Piraeus Archaeological Museum
Even before the virus, these
Were nearly empty galleries,
But now we have these cluttered shelves
And halls of statues to ourselves.
Stickers on the floor, in Greek,
Tell us “Watch your apostasies”:
“Mind your distance,” so to speak.
But since the guards outnumber us
There is no nearness we need fear,
No tourists herded from a bus;
Here on the coast, the coast is clear.
We follow arrows on the floor
And shoulder open the glass door.
First there’s the cargo from a storm-
Sunk ship destined for Italy
To decorate some temple there
Or private villa—here’s a frieze
Of graceful dying Amazons
As if but dancing into death,
Short skirts aflutter at their knees.
And here’s colossal Hadrian’s
Armed torso, huge head. Now we see
Balbinus with his marble stare,
Emperor for a three-month term,
Lathed by wave and drilled by worm.
Up a flight of steps we pass
(One way—floor stickers say, “be smart!”),
Here an Apollo, sea-green bronze,
Stands archaically and stiff
Near goddesses with eyes of glass
And an emasculated herm.
In the next gallery, a mass
Of grave goods from life’s everyday—
Needles, mirrors, combs. As if
Dropped into stillness after play,
Small children’s toys, shard of a pot
On which a practiced alphabet
Breaks off before omega moans,
And here, a game of knuckle bones.
Here is the poet’s grave, the harp’s
Triangulation, flats and sharps,
Its brittle dark hypotenuse;
Here are the measurements of man:
The cubit, foot, the palm, the span,
Carved standards in the marketplace,
To keep those honest who would cheat;
Inscription on the price of meat,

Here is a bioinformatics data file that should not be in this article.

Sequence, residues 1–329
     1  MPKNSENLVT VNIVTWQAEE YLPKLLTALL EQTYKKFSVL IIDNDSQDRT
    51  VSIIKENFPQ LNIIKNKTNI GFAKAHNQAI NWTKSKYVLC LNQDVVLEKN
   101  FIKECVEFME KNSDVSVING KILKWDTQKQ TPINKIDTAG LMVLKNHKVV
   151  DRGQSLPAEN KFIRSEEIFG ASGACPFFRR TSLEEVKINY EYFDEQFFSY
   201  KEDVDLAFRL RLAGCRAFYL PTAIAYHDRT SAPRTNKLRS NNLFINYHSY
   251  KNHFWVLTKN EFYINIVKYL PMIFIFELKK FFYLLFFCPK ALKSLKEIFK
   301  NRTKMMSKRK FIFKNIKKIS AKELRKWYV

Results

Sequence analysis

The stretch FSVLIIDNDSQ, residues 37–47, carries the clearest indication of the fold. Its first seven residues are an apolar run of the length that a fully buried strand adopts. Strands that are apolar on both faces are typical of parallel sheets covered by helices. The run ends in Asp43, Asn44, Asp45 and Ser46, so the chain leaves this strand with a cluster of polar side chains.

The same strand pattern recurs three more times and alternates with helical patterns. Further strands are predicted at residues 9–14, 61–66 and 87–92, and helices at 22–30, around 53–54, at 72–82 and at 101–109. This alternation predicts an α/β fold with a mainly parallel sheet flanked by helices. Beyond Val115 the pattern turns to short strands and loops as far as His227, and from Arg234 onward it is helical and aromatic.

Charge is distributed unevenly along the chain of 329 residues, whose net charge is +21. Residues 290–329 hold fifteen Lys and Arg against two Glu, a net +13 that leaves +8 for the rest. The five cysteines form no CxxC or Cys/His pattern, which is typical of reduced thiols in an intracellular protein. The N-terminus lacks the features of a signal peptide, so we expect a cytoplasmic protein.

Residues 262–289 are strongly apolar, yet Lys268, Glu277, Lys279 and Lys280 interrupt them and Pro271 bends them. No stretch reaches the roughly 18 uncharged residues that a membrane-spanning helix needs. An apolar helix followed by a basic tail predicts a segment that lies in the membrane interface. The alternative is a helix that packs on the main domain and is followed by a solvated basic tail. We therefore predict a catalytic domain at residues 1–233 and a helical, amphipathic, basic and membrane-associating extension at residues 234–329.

Or offal—tripe, brain, liver, lung.
All grave markers, this room. We start
With these two hoplites. Brothers? Young,
One looks just past us, one afar,
They’re eager for adventure, war,
With cloak and sandals, shield and sword.
My son, now close to their age, bored,
Sinks on a bench, tired of all this—
The world’s contagious, after all.
His eyes roll at the actor, task
Long done, who gazes on his mask
Of tragedy, from Salamis
(As we adjust our own, our breath
Hot on our faces), and I turn,
A rusted sword bent round an urn,
To take one last glance at the wall,
And see a girl, her dress hung loose,
Regarding her rigid, lifeless doll,
And mourned by her pet goose.
from Rattle #70, Winter 2020
A.E. Stallings ( from the conversation in this issue): “A lot of the poets that I really admired, T.S. Eliot, A.E. Housman, were themselves classics scholars, so I think I felt—and this is ancient times; this is 20th century—that this was how you became a poet: you studied classics. It wasn’t as clear then as it is now that you could do creative writing. There was the Iowa workshop, but programs weren’t as prevalent as they are now, and it seemed like classics was a way somehow to become a writer. Part of my interest in classics is really classical reception, how classics percolates through English poetry, but I’m also interested in it for its own sake, so, again, they’re very interwoven.” ( web)
A.E. Stallings was the guest on Rattlecast #82!
Click here to watch …